How mammalian predation contributes to tropical tree community structure.

Published

Journal Article

The recruitment of seedlings from seeds is the key demographic transition for rain forest trees. Though tropical forest mammals are known to consume many seeds, their effects on tree community structure remain little known. To evaluate their effects, we monitored 8,000 seeds of 24 tree species using exclosure cages that were selectively permeable to three size classes of mammals for up to 4.4 years. Small and medium-bodied mammals removed many more seeds than did large mammals, and they alone generated beta diversity and negative density dependence, whereas all mammals reduced diversity and shaped local species composition. Thus, small and medium-bodied mammals more strongly contributed to community structure and promoted species coexistence than did large mammals. Given that seedling recruitment is seed limited for most species, alterations to the composition of the community of mammalian seed predators is expected to have long-term consequences for tree community structure in tropical forests.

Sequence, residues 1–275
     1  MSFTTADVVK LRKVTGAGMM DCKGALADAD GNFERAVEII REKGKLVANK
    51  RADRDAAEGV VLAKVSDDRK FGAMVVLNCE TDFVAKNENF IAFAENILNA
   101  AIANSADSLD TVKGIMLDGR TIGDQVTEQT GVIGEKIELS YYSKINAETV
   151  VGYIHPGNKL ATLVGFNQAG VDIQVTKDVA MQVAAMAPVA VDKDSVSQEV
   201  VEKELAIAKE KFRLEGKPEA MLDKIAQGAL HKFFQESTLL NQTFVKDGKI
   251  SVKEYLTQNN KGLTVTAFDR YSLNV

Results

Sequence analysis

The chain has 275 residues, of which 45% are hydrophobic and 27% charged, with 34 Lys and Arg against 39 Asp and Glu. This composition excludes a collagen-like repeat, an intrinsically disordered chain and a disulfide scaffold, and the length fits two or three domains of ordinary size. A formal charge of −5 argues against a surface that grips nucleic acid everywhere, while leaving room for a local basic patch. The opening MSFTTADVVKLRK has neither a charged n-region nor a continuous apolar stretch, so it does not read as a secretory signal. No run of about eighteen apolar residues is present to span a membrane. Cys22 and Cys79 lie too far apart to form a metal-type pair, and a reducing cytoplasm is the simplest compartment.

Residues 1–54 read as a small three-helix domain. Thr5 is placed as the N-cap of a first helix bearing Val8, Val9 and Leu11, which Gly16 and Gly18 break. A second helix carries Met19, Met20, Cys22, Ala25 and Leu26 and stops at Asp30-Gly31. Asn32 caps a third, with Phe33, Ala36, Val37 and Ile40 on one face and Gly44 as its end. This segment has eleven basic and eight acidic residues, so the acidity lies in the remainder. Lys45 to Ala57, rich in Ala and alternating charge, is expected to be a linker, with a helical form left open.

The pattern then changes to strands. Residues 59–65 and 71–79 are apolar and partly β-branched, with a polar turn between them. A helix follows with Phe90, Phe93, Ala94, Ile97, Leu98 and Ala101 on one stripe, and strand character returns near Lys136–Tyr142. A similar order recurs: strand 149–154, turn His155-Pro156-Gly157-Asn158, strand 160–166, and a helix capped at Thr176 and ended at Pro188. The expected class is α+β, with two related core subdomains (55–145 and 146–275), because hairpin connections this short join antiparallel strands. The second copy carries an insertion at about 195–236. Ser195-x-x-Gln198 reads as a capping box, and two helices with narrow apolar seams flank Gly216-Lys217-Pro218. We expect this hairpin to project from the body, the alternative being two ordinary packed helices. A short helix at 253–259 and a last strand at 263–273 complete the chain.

Full Text

Duke Authors

Cited Authors

  • Paine, CET; Beck, H; Terborgh, J

Published Date

  • December 2016

Published In

Volume / Issue

  • 97 / 12

Start / End Page

  • 3326 - 3336

PubMed ID

  • 27912026

Pubmed Central ID

  • 27912026

Electronic International Standard Serial Number (EISSN)

  • 1939-9170

International Standard Serial Number (ISSN)

  • 0012-9658

Digital Object Identifier (DOI)

  • 10.1002/ecy.1586

Language

  • eng